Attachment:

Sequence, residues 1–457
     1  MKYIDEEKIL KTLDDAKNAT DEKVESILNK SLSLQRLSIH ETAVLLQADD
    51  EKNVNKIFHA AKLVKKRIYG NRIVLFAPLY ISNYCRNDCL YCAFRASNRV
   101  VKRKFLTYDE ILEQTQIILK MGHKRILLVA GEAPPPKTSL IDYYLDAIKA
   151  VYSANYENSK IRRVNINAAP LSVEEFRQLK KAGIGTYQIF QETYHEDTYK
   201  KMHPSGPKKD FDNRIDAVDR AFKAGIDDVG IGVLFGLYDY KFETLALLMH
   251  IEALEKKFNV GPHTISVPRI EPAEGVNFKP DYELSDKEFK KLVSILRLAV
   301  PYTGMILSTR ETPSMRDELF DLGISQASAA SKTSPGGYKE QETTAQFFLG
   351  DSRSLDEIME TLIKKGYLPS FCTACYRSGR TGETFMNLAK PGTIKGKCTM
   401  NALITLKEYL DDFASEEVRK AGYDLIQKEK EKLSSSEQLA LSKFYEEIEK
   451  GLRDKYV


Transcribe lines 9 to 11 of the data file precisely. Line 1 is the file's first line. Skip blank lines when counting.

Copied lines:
   351  DSRSLDEIME TLIKKGYLPS FCTACYRSGR TGETFMNLAK PGTIKGKCTM
   401  NALITLKEYL DDFASEEVRK AGYDLIQKEK EKLSSSEQLA LSKFYEEIEK
   451  GLRDKYV